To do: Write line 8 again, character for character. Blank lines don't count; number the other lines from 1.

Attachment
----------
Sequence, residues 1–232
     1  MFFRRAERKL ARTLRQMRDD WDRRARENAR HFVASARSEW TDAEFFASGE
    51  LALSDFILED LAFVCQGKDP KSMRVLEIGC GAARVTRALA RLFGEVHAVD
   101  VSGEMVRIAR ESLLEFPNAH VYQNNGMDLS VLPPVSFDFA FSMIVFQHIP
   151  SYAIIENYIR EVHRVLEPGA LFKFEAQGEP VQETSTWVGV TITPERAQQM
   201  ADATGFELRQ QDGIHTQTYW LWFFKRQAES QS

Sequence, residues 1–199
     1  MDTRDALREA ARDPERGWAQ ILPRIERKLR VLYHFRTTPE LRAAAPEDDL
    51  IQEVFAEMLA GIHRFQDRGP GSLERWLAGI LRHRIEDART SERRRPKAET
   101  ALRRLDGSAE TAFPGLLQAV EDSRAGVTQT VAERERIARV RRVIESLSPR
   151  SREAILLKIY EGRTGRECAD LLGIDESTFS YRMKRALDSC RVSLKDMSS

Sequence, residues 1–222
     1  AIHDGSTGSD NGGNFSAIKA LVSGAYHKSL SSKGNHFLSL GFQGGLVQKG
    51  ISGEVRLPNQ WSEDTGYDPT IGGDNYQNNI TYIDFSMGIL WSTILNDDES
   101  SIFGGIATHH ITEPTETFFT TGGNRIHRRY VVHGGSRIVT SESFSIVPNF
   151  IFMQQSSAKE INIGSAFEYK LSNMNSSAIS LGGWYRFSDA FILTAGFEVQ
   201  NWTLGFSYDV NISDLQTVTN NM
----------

     1  MDTRDALREA ARDPERGWAQ ILPRIERKLR VLYHFRTTPE LRAAAPEDDL